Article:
What’s next? Remote learning will have a huge impact on PD in NYC, said Linda Chen. NYCDOE has been trying to do remote PD for a while now, and this crisis will push that along. On the other side of this, we will return to a system that’s much more well-versed in remote learning and will have new opportunities for providing PD.

Seizing opportunity. Richard Carranza, Chancellor of NYCDOE, was a surprise guest to the roundtable. The new normal, once we pass the coronavirus pandemic, will never be the same, Carranza said, and the whole education landscape will look different. While we do have a crisis, there is an opportunity to change the education landscape. We need to look at the lessons learned from this event to change the pedagogy moving forward. Carranza said that we’re in uncharted territory, and anyone who says they’ve figured it out is blowing smoke. “Never waste a crisis,” he said. “Let’s take advantage of the opportunity to re-imagine opportunities for those students we serve.”

Close digital divide. Carranza also discussed how educators are ‘building the plane while flying the plane,’ and how blended learning is rapidly evolving. He stressed the need to improve blended learning PD, provide better access and devices for students, and get ‘beyond ourselves’ to learn new teaching approaches.

Removing barriers. Linda Chen talked of having to deal with change, and that this massive change has removed some of the barriers in the way of embracing blended learning.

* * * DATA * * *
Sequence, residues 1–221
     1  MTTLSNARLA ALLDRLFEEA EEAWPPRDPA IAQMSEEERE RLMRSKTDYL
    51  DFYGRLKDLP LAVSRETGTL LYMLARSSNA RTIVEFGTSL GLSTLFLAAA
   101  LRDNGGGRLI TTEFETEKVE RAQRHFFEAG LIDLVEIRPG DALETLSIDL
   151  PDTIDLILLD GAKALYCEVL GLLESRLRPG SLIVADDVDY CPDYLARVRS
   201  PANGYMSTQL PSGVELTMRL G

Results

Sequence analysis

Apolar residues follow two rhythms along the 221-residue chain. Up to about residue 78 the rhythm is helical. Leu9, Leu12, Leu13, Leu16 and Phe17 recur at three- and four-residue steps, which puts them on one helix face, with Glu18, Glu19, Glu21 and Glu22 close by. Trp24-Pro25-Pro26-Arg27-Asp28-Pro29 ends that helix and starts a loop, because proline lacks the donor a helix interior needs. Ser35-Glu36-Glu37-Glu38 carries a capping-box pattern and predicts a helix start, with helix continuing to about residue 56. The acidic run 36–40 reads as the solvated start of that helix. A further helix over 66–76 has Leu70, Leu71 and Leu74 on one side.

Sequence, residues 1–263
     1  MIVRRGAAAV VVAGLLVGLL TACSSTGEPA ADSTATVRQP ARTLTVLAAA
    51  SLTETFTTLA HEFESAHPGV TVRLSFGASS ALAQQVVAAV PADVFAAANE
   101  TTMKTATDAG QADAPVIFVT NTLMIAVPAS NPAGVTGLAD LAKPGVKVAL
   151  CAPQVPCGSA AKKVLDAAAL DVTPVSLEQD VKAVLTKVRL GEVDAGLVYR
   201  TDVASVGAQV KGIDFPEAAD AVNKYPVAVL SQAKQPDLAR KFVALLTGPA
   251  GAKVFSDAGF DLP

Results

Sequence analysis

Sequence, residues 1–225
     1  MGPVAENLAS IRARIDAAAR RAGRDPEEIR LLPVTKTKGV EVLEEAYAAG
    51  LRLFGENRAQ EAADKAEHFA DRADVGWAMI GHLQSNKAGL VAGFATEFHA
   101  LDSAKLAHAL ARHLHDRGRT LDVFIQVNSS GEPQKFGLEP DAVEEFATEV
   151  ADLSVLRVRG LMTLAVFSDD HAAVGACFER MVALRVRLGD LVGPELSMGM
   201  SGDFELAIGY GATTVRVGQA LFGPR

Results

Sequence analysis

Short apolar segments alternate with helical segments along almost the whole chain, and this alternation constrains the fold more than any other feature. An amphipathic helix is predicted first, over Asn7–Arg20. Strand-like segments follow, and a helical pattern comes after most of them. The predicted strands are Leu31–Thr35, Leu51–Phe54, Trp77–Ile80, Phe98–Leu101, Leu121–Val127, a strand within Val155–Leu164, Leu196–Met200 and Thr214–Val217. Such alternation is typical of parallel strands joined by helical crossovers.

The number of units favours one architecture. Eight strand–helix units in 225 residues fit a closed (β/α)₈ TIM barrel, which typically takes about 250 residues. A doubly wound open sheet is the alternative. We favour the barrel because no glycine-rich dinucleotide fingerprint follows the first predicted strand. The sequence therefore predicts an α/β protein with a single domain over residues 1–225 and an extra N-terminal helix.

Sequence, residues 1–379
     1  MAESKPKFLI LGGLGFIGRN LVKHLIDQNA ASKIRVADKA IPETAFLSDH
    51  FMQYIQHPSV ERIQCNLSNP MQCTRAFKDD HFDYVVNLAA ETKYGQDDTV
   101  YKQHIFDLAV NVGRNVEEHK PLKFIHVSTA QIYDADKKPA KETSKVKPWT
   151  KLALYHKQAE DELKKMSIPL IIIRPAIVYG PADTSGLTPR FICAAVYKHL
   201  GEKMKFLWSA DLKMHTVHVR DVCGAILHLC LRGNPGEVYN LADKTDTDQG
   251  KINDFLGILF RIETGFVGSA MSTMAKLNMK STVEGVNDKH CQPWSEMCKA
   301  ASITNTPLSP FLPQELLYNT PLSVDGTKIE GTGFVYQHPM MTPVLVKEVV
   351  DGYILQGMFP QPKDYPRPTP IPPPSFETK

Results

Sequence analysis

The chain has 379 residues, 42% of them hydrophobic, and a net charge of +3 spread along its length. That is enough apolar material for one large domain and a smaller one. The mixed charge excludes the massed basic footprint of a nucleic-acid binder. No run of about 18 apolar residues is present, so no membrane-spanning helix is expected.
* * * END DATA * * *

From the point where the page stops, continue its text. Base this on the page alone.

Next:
Peer connections. Linda Lo mentioned that for teachers, shifting over to blended learning has been a challenge. Fortunately, many have been sharing with one another how to use tools, such as Google Classroom. “This is a journey, and every week we’re getting better,” Lo said. She also stressed to keep flexibility in mind, and to tap into those teachers ‘on the ground’ for feedback.

Bringing out the best. Despite the backdrop of human tragedy, it’s been incredible to see what’s been happening in the DOE in terms of the level of commitment and passion, said Jason Levy. Linda Lo said it’s been important to welcome this new digital world with open arms because at the end of the day, it’s best for our students and helping them learn. Linda Chen echoed that, adding that in the moment, there’s a need for great compassion, but also the need to use this moment to build a foundation for the future.

Lunch 'n Learn with Tech & Learning

This report is part of Tech & Learning's District Leadership Lunch ‘n Learn Roundtable series, hosted by Dr. Kecia Ray. In this series, districts from across the U.S. share their strategic plans, the challenges they are facing, and the creative solutions they are using to support students and teachers. Access previous webinars and register for our upcoming events here

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Ray Bendici is the Managing Editor of Tech & Learning and Tech & Learning University. He is an award-winning journalist/editor, with more than 20 years of experience, including a specific focus on education.